Saturday, September 13, 2008

The Effectiveness of Preparedness

On Thursday, when hurricane Ike was thought likely to make landfall in Texas as a class three or stronger, its predicted impact included a Galveston Island storm surge of twenty feet or more. The National Weather Service issued a strongly-worded warning for coastal areas of Texas, and urged evacuation.

A storm similar to Ike's predicted power had hit Galveston square-on before, in 1900. During that storm, locals did not evacuate but had actually gathered on the beach to observe the waves. The only non-marine egress from the island at the time was "the longest wagon bridge in the United States" and there was no manmade storm surge barrier on the island. Six thousand are known to have died in Galveston's storm of 1900, and the complete count of the dead is thought likely between eight and twelve thousand. Thousands more were injured, and approximately ten thousand left homeless.

According to the United States Census of 1900, the population of the United States stood just under 76 million inhabitants. The loss of eight thousand (the number offered by the National Oceanic and Atmospheric Administration) amounts to about one hundredth of one percent of the national population. During the census year ended in May, 1900, the annual death count was about a million and a half, suggesting that the loss of 8,000 souls contributed about a half a percent the then-current all-causes annual death toll. On the other hand, understanding the scale of the disaster may be aided by considering that the Texas death toll in the 1900 census was less than one hundred thousand, and that the population of Galveston was less than twenty thousand. (Today, the population is sixty thousand.) If you are nearby, it looks terrible indeed.

The construction of fifteen-foot storm barriers against the encroaching ocean contributed to Galveston's improved outcome when it later faced a similar storm surge:
In 1915, a storm of similar strength and track to the 1900 hurricane struck Galveston. The 1915 storm brought a 12 foot (4 m) storm surge which tested the new seawall. Although 275 people lost their lives in the 1915 storm, this was a great reduction from the thousands that died in 1900.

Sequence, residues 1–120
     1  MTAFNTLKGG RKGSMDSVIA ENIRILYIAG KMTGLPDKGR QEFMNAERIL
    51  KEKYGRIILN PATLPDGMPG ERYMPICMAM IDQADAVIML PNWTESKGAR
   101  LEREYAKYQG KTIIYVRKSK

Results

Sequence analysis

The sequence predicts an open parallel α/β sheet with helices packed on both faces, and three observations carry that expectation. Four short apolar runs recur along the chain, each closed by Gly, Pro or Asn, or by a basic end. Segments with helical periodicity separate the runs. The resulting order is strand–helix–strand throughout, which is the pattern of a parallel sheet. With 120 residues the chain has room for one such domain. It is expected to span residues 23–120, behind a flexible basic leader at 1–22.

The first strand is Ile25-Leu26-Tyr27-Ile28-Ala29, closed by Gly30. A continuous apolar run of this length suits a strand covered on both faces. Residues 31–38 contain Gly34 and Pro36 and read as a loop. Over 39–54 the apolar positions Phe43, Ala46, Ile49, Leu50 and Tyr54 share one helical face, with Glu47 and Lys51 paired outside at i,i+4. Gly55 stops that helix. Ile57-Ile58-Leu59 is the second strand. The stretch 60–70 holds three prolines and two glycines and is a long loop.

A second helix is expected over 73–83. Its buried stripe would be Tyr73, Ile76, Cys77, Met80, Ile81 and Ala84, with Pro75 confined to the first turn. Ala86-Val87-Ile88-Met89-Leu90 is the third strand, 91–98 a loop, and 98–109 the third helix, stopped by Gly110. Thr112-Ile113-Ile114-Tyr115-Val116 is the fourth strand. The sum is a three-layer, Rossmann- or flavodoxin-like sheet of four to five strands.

from Economist's View
Today, storm surveillance and still-developing emergency-response strategies have enabled the hurricane death count to be controlled to a mere four. Granted, uncooperative non-evacuees peppered emergency numbers all night with futile pleas for evacuation, and more might have been killed on Galveston had the storm surge hit those choosing to remain with the predicted twenty-foot-plus surge rather than the surge that materialized. However, people who choose to ignore a plea for evacuation like this take their lives in their own hands. It's not the same as breaking into a junkyard to taunt hunger-maddened dogs while wearing a cat costume to win a home video competition, but it's not far behind. The four and a half million without electricity will eventually get power restored, including the sixty thousand on Galveston.

Unlike freak acts of nature that might or might not strike, known sources of human-caused risk create an evergreen source of mortality, morbidity, and property damage. For example, accidental drownings in recreational environments aren't a result of the weather or unavoidable astronomic phenomenon such as meteor strikes, and they routinely kill thousands of Americans annually. The Centers for Disease Control and Prevention -- the "Prevention" was added to the CDC's name recently enough that the agency is still called the CDC -- has a special page devoted to drowning risk. Accidental drowning in recreational environments is such a significant cause of death that -- despite widespread laws requiring home pools to be fenced, swimming training programs, and laws ensuring boater access to life vests -- recreational drownings eclipsed terrorist attacks as a leading cause of mortality even in the year of the high-water mark of terrorist attack fatalities in the United States. One wonders how much worse drownings could be, but for the effort to control its toll.

One way to illuminate the effectiveness of preparedness is to look at the progress the United States has demonstrated against another manmade mortality risk: driving-related fatality. During the 1980s, the approximately-fifty-thousand annual death toll from driving-related incidents in the United States challenged the country's cumulative death toll of the entire Vietnam war. Despite increasing numbers of drivers and increasing numbers of miles driven, efforts to control risk -- including interventions like mandatory seat belt laws, education on driving risk, and the implementation of widespread designated driver promotion programs -- have decreased the absolute number of annual deaths. The rate has plummeted even more. (It turns out that alcohol is a nontrivial contributor to drowning fatality risk, too.)

Risk-control interventions significantly impact materializing losses. The question is whether the results are worth their human and financial cost. In the case of avoided drownings and avoided road deaths, it's easy and politically non-controversial to conclude that prevention is money well-spent.

The question is how to develop a policy analysis framework with the power to address situations in which political views heavily color viewpoints.

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